NASA and the country held memorial services for Columbia‘s crew beginning with a service at Johnson Space Center on February 4. The next day, a service was held at Washington DC’s National Cathedral. On February 7, NASA leaders gathered on the Shuttle Landing Facility runway at Kennedy Space Center. Columbia‘s first pilot, astronaut Robert Crippen, delivered a moving eulogy to Columbia and her crew.
NASA’s press release of February 5 stated that remains of all seven Columbia crew members had been returned to Dover Air Force Base. That was factually correct, but not complete information. What the release did not say was that two of the crew were still missing. Up to 1,600 Forest Service personnel, National Guard troops, employees of the Texas Department of Public Safety, and volunteers combed the woods of Sabine County over the weekend of February 8 and 9 in a desperate search for the crew. Cold rain, sleet, and miserable conditions plagued the searchers.
On February 10, one of the National Guard units located the remains of the sixth of Columbia‘s crew near Toledo Bend Reservoir. Remains of the seventh and final crew member were found the next day. The sense of elation and relief felt by the searchers can’t be adequately described. Local resident Mike Alexander, a volunteer searcher since the day after the accident, broke into tears when he heard the announcement. “I just started crying out there in the woods,” he said. “I couldn’t help it. I thought, ‘We got closure now.'”
Volunteers in Sabine County had provided almost all of the food and shelter for the searchers. It was impossible to determine precisely how much food had been donated or how many thousand meals had been served at Hemphill’s VFW hall. Best estimates were that this relatively small community and a handful of volunteers had prepared and served 30,000 to 50,000 meals in two weeks. The community had donated over $620,000 in services to the recovery—at no cost to the federal or state government.
“It’s just people helping people—that’s what this small town is about,” said Roger Gay, Hemphill VFW’s commander. “Everybody likes to help everybody else, and they don’t expect anything from it. It was an occurrence that happened, and we dealt with it the best way we knew how.”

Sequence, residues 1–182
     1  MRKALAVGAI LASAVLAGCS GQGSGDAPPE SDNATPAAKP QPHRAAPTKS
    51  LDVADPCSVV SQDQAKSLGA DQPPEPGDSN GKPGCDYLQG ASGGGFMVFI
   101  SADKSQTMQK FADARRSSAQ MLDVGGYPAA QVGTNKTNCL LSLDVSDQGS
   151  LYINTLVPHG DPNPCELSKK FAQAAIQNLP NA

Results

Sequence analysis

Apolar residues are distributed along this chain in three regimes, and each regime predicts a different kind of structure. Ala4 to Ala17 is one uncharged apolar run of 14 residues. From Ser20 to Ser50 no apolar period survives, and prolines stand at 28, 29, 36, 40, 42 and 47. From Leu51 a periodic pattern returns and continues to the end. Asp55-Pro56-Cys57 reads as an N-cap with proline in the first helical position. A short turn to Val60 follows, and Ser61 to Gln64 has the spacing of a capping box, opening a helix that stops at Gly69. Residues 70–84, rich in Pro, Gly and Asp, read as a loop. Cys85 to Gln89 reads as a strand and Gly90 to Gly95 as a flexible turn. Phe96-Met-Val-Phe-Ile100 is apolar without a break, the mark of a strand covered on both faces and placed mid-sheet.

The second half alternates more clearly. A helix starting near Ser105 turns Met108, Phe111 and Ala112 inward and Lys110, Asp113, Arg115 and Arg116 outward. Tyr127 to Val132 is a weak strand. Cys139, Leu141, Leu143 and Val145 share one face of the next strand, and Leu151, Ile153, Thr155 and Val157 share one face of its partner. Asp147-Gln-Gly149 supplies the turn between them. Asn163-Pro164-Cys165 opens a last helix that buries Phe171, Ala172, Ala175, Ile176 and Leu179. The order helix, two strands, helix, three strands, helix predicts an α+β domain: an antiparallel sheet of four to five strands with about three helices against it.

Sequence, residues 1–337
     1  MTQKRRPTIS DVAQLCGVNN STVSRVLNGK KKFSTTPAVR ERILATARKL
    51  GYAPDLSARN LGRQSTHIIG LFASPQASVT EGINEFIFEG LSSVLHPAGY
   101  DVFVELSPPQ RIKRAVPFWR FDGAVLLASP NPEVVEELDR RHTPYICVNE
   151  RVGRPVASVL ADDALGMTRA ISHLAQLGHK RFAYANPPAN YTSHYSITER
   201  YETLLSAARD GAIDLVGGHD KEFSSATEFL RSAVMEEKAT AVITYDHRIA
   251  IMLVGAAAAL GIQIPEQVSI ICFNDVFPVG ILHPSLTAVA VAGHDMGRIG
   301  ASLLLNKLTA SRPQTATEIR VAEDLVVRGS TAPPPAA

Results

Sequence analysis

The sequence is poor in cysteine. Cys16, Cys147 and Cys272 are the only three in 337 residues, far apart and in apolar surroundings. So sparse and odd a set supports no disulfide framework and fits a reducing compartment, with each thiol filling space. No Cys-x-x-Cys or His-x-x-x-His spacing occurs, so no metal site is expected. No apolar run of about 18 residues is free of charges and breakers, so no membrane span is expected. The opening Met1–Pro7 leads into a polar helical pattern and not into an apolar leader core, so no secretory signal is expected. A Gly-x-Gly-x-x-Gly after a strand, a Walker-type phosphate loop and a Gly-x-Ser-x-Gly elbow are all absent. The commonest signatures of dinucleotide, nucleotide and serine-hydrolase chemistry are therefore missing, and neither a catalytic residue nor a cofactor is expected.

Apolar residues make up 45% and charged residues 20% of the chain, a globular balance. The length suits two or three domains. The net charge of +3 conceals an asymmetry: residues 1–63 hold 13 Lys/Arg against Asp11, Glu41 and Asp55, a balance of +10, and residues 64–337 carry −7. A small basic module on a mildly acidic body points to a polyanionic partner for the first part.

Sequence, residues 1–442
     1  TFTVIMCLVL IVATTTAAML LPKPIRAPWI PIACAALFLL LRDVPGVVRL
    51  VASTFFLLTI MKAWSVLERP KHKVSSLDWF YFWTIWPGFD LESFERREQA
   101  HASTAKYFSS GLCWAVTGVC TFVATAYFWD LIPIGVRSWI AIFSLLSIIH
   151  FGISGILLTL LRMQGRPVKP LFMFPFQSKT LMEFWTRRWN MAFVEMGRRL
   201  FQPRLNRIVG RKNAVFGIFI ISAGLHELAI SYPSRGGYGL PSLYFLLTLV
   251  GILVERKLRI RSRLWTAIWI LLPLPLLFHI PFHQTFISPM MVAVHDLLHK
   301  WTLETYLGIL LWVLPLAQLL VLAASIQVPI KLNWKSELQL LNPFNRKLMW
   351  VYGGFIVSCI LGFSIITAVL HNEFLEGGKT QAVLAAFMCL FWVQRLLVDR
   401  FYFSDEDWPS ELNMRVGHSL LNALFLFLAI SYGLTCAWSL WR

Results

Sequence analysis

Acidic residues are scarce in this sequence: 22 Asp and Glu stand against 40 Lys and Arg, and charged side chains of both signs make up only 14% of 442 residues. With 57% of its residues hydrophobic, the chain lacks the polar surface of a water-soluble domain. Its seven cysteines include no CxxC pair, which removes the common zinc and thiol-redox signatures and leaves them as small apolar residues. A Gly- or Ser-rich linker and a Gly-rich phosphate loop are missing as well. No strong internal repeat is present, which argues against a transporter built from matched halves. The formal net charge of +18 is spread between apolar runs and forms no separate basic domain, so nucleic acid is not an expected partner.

NASA’s Dave King summed up, “The people of East Texas made you proud to be an American, because they sacrificed and gave everything they had to try to help us. It was unbelievable what they did for us.”
Elsewhere in the 250-mile-long corridor where Columbia‘s wreckage came to Earth, hundreds of United Space Alliance and NASA personnel from Kennedy Space Center, along with representatives of the EPA, were working with local authorities to investigate debris sightings, check the pieces for contamination with hypergolic propellants, and then bring the items back to collection centers. The debris being found ranged from pieces of the wing to items from the crew module.
On February 7, searchers near Palestine, Texas found a videotape cassette, one of many that had at least partially survived the accident. Astronaut Ron Garan collected the tapes and flew them on a T-38 to Washington, DC, where he inspected them at the NTSB’s headquarters. Most were blank or were data tapes. However, one caused him to freeze when he started playing it.
It was the cockpit video of Columbia‘s reentry.
“The hair stood up on the back of my neck,” Garan said, “because we didn’t know how long the video was going to last or what it was going to show.” To his relief, the tape ended several minutes before the first sign of trouble.
NASA publicly released the video on February 28. The tape showed Columbia’s crew happy, being professional, and enjoying the ride. They were passing the camera around, smiling at each other, and remarking on the sight of the glowing plasma surrounding the orbiter. They were obviously unaware that anything was wrong with their ship.